10.12.20

Nursing dream comes true for Siobhaun

Categories: School of Health and Society
We have increased capacity for our January 2022 intake for BSc (Hons) Nursing / RN Adult by 50 places. For information on how to apply, please see here.
 

Swapping office life for frontline nursing is a ‘dream come true’ for Siobhaun Smith (pictured below).

Siobhaun Smith

After previously working in recruitment, Siobhaun’s role in research at the Northern Care Alliance – first as PA to the director and then as administrator for the cancer research team – inspired her to take the plunge and retrain as an adult nurse.

She’s had to show bags of determination and make some sacrifices, but says the rewards more than make up for it.

Before beginning her nursing studies at the University of Salford, she had to combine her work and being mum to daughters Isla and Lottie, aged six and three, with a pre-nursing access course at Pendleton College.

“It was a struggle studying for three GCSEs and the pre-access course but I knew what the end goal was and I was determined to get through,” she said. “And it stood me in good stead for when I started the adult nursing BSc course, I was a lot better prepared for the academic work.”

Her university degree began in January 2020 and the fast-paced course meant Siobhaun learned a lot of new skills quickly. She was looking forward eagerly to her first placement when the Covid-19 lockdown intervened.

Understandably, placement providers wanted more experienced staff as they adjusted to the extra demands of the pandemic so Siobhaun and her fellow students had to wait to get hands-on experience.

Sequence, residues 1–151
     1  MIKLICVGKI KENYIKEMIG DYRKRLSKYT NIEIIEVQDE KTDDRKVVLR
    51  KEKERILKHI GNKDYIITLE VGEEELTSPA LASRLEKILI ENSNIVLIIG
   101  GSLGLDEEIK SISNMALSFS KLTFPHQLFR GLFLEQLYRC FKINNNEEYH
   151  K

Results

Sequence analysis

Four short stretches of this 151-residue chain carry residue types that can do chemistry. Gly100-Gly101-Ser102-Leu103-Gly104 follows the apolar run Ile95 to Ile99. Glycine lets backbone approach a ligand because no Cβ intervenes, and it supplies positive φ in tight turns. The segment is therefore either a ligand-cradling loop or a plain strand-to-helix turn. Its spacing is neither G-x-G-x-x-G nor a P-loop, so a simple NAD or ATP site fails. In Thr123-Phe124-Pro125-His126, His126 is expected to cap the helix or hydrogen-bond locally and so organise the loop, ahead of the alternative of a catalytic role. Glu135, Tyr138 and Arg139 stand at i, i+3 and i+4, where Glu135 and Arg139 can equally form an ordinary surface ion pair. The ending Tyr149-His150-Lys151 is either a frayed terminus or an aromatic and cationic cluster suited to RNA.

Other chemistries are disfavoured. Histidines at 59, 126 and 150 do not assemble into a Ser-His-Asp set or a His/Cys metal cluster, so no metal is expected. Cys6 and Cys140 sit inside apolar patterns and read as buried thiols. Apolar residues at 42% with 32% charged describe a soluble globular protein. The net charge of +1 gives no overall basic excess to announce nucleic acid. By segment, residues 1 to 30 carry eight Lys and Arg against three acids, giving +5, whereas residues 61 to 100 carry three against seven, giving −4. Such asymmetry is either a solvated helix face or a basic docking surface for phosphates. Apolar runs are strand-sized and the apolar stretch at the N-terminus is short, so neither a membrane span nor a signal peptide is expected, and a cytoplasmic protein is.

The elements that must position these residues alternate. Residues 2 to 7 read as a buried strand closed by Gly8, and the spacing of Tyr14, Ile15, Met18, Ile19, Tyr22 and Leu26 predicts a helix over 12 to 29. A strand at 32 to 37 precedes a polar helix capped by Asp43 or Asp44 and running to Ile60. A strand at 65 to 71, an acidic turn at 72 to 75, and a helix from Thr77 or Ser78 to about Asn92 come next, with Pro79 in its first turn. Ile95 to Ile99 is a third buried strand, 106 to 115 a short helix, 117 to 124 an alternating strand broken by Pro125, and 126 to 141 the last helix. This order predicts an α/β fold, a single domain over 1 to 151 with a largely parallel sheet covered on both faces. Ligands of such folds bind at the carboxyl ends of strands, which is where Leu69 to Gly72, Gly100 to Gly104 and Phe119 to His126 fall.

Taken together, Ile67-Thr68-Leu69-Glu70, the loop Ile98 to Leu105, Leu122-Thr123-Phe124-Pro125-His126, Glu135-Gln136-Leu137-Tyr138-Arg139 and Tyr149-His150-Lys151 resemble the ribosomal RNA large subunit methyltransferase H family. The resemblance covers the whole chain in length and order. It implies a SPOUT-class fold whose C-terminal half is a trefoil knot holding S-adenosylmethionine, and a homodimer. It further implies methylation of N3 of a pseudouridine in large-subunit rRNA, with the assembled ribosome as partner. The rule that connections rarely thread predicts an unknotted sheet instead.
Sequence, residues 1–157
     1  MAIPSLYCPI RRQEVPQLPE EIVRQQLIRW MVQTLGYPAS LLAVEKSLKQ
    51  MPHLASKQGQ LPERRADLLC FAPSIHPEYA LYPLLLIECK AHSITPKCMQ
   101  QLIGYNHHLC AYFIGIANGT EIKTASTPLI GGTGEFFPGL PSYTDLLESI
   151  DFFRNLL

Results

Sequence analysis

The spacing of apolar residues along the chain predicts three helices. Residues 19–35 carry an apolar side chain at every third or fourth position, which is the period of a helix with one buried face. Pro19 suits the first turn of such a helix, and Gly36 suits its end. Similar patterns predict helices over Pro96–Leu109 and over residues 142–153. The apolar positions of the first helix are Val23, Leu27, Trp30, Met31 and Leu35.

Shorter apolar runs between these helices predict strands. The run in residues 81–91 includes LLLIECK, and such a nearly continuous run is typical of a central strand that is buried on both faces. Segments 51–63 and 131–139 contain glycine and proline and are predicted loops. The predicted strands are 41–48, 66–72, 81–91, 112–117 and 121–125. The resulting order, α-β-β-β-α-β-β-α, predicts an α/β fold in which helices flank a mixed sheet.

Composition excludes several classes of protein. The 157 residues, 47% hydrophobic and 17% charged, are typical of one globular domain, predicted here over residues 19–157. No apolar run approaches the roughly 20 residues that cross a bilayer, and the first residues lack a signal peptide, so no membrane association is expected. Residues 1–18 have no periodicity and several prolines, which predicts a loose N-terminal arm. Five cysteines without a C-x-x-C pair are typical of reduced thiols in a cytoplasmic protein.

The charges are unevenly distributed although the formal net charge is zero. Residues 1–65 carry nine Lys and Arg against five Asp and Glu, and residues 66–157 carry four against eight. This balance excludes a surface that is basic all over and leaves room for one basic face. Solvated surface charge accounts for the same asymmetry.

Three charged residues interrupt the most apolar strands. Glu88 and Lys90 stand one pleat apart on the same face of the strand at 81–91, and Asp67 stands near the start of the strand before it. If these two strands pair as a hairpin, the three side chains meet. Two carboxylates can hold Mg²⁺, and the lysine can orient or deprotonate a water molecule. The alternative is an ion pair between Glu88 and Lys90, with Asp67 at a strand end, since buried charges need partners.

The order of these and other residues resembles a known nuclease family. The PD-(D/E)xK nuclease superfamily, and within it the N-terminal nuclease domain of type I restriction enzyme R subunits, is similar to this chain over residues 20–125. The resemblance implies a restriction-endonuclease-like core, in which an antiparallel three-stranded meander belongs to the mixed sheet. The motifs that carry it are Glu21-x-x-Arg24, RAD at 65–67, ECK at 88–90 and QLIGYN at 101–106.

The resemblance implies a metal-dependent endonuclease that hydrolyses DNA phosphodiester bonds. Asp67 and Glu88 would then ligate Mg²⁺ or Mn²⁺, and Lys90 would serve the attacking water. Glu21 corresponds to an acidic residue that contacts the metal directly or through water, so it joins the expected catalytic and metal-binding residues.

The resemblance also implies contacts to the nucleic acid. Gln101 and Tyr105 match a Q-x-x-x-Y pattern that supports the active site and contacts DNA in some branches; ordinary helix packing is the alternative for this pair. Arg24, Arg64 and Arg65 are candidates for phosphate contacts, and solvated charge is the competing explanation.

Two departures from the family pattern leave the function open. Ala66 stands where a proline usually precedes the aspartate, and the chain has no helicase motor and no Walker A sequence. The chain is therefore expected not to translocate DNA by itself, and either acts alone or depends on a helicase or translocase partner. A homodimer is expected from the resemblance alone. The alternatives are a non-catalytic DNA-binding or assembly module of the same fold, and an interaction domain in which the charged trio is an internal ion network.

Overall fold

But at the start of November she was thrilled to start work at Salford Royal, working with the team on a female surgical ward for six weeks.

She explained: “It’s so rewarding, the other staff are really helpful and I’ve learned so much in just a few weeks. I’ve been able to do so much, not just personal care and observations but also wound care, taking out catheters and cannulas, medication rounds and giving injections.

“The patients are amazing too, they’re very welcoming and happy to let me learn – they really appreciate that the next generation of nurses need to gain experience on the wards. It’s very humbling.”

Although Siobhaun had a well-paid and successful career in recruitment before becoming a mum, she’s clear she’s made the right choice in moving into nursing: “I know I will be a bit older when I qualify, but I’ll still have at least 25 years of working so I want to do something I really enjoy and value,” she said. “I want to give back to the NHS as well. I had IVF before I had my daughters and that’s something I’ll always be grateful for.”

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